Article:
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An Urban Potager provides fresh cut flowers throughout the season for the home. In the past, I have grown my zinnias from seed late spring once the soil has warmed up from a long winter. It takes most of the summer season for them to bloom. Here, they are blooming in late fall(2011) with Russian Sage, Lime Light Hydrangea, and  Bright LIghts Cosmos.

2011 front yard, orange zinnia veggies sept 9th 011_edited-1

The past few years I have grown “Orange King Zinnias” since  they would be blooming in the fall, and they were orange! I don’t know what it is about the colors orange, red and purple, but I seem to use that color scheme often in my yard.  According to garden designers the colors red and orange are hard to use in the flower garden. My rebellious nature enjoys a challenge and sometimes I just like to throw colors, shapes , textures and odd combinations together to see what they look like. I do believe gardening is a form of art. You are painting with plants!

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Zinnias are so easy to grow in your garden. They are butterfly magnets. I love to find a butterfly enjoying a zinnia on a hot sunny day. They are usually so engrossed in the zinnia flower that they don’t even notice you inching closer to take a photo of them.

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This year I   decided to grow my own zinnia mix. I searched for the largest red, orange and orange-yellow open-pollinated zinnias I could find. I wanted to create my own mix for seed saving of these colors.

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I planted the zinnia seedlings in the garden early spring, and they were a nice size. I was worried they would not do too well since we had a chilly spring. They perked up and were blooming here in June. That was two months earlier than when I start them from seed in the garden,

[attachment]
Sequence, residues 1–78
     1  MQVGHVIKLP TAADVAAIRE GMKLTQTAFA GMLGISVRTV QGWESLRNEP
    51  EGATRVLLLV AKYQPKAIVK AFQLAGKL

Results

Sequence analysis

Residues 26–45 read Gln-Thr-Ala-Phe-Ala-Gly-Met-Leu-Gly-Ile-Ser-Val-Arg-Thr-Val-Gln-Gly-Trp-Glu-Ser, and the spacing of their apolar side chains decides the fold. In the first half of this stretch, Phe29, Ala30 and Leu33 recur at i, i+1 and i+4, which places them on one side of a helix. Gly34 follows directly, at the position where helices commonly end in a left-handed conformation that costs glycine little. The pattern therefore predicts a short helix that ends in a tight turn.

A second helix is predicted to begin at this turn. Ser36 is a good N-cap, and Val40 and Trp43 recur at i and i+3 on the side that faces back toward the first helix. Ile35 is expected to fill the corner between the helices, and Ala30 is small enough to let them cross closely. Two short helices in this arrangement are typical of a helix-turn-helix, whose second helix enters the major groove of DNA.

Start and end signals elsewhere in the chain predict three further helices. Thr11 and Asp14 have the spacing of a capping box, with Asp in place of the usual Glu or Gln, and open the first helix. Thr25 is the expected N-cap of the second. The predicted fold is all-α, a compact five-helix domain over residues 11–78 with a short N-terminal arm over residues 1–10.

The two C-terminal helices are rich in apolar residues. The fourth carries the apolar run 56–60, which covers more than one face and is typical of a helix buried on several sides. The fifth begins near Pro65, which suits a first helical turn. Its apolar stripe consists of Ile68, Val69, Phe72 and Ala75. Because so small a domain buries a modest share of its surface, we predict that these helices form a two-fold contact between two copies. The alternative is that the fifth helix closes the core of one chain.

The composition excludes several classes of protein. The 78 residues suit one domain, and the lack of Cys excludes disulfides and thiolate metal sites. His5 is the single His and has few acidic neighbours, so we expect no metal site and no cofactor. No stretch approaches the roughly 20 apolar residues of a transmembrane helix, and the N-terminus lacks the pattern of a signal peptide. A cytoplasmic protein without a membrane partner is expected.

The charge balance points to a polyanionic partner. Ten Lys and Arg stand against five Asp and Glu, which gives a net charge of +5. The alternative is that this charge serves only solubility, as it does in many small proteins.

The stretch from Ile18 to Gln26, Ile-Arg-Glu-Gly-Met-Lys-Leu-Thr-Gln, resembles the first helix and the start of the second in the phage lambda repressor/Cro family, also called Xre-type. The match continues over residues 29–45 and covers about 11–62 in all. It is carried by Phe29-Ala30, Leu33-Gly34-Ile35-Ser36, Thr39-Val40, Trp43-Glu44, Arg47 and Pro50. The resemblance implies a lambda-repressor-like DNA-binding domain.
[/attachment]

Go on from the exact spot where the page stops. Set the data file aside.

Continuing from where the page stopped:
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Zinnias are wonderful planted with vegetables since beneficial insects enjoy visiting them throughout the garden. While you are harvesting your vegetables from your Urban Potager ,  you can pick some cut flowers for your vases!IMG_9339_edited-1

I was determined to have big  blooms for my vases. All my zinnia seed is open pollinated and sometimes you do get a surprise in your mixes if they are not isolated.

IMG_8627_edited-1One One day I noticed next to my borage and peppers was the most beautiful pink zinnia.

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At first I was surprised since I only used open-pollinated  red heirloom zinnias, “Meteor”, “Will Rogers”, and “Redman Super Cactus”. Since I started them earlier this year , they were blooming in June. I noticed I had this incredible color of  dark pink thrown into my red zinnias. I was trying to create a red/orange/yellow mix, but thought what a delightful surprise.

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At this point I can only recognize two of the zinnias I am growing. Heirloom “Will Rogers” zinnia is above.

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The Meteor is quite large!

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Zinnias are “cut & come again” flowers and make beautiful vases. The more you fill your vases, the more your plants will produce flowers till frost!